Let's talk about sex, baby.

For the second year in a row, UT ranked in the bottom 25 on Trojan's annual Sexual Health Report Card, sparking conversation about what a sexually healthy campus looks like and why UT is falling short.

The Trojan Annual Report Card ranks schools based on 11 categories concerned with the sexual health resources and educational programs provided for students on campus.

Ashley Blamey, director of the Safety, Environment and Education Center, said sexual health is a topic the university is passionate about.

However, some student and faculty members beg to differ.

"We have a lack of resources in the sense of our mindset and in the culture we have," said Brianna Rader, a senior in College Scholars and co-founder of Sexual Empowerment at Tennessee, the organizational committee behind Sex Week. "Everything from the administration to the students, and everyone in between, they are not placing emphasis on this issue. We have a lack of resources in that people are not willing to talk about this."

Campus resources for sexual health include a Student Health Center, a Women's Clinic and the SEE Center, which provide students with medical assistance, STD testing, sexual assault counseling and general health information.

Condoms are made available to students at the Student Health Center. Blamey said students were provided over 6,000 free condoms in 2012.

The university also provides peer-led educational programs called "Vols2Vols" upon request.

Blamey pointed out the work of Rosa Thomas, a wellness coordinator, who has provided over 75 sexual health-related presentations last year for the campus community and health-related courses.

"Vols2Vols provides peer-led education and the current commitment is for sexual health and healthy relationship education," Blamey said.

Rader said she feels this approach is a ridiculous notion of educating students properly.

"How realistic is it that we are expecting students to print off the program themselves and educate themselves?" Rader said. "That's not happening. We need to do more."

Many of the universities ranking higher than UT on Trojan's scale have sexual wellness websites that provide a wide range of information related to sexual health.

"If you look at Brown University's sexuality center and their website, it has everything on how to have a female orgasm to where to go if you're raped," Rader said. "It covers everything, and it is out there in the open, so if a student needs to know, it's there."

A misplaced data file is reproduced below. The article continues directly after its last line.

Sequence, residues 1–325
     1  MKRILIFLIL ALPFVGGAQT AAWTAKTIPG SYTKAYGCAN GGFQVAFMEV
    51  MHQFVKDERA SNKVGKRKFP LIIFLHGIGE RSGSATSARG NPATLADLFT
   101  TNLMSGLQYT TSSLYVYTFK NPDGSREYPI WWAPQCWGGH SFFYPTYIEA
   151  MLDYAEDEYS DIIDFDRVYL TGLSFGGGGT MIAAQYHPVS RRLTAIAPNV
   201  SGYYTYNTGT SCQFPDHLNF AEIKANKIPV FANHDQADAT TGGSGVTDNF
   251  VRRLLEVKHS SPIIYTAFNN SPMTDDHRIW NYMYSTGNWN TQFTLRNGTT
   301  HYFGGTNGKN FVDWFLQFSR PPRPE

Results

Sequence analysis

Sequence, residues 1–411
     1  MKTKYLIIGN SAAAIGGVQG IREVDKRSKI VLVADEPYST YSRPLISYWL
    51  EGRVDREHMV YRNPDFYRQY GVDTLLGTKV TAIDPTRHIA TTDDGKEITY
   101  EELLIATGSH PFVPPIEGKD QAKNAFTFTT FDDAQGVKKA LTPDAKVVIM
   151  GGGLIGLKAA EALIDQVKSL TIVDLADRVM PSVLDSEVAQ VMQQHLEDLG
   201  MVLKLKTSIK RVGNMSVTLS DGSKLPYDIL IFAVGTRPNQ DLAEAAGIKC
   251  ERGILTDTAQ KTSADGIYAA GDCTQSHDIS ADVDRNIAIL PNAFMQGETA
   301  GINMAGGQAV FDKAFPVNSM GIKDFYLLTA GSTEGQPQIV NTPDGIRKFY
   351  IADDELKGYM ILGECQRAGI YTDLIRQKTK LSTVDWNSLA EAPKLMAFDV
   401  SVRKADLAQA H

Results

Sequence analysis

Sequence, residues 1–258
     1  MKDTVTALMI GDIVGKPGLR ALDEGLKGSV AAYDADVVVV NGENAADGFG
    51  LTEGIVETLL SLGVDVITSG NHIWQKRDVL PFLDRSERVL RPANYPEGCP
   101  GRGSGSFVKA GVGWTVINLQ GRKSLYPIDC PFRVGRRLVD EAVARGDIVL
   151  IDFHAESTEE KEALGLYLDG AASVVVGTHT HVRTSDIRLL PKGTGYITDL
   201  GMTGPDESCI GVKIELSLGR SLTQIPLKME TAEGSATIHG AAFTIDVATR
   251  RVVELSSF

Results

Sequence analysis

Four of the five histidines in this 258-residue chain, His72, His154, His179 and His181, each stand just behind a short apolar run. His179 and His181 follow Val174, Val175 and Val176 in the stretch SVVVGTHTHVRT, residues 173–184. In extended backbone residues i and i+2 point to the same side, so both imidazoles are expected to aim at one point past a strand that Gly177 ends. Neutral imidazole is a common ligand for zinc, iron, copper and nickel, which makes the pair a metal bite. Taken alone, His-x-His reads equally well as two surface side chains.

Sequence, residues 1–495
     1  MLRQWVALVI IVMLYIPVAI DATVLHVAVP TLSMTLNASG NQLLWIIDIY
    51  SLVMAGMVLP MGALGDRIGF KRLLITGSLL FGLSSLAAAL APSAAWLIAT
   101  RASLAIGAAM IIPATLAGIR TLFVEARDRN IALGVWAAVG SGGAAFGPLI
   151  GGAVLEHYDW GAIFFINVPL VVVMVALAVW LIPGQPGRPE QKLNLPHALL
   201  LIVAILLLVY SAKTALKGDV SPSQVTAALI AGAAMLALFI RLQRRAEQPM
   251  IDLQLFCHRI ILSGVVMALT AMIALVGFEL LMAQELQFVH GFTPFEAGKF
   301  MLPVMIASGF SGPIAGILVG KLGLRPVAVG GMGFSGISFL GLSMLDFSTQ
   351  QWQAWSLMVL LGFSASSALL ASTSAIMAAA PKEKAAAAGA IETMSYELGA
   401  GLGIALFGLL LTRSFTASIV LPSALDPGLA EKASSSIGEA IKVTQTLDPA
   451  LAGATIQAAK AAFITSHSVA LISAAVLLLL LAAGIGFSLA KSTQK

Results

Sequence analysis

Often, students on UT's campus aren't aware of the resources available to them, Rader said.

Colette Telatko, freshman in supply chain management, said if something happened to him or a friend, he would not know where to go to get help.

"They did like a 15-minute spiel at orientation about not putting yourself in a bad situation, but I haven't really heard anything about it since," Telatko said. "I see that as a problem."

Rader and fellow student Jacob Clark founded SEAT in response to a student survey submitted two years ago, on which students requested more information about sex. This demand was evident in the response to last year's inaugural Sex Week event.

"Students were given the opportunity to meet with a health professional at one of the sessions last year, so if they had issues that they wanted to talk about they could talk about them, and I think those sessions were full," said Joan Heminway, a professor of law and faculty advisor for SEAT. "We needed more of them. They had nurses that just saw people constantly, booked through the whole thing."

In Heminway's opinion, college is a complicated and trying time for young adults, and it's the university's responsibility to prepare its students to deal with those challenges.

"Campuses can be risky. Risky behavior happens on campuses," Heminway said. "If we're not treating our students with respect and protecting them all equally — men, women, gay, not gay, transgender — we have to protect everybody. We have to do more than protect them, we have to educate them."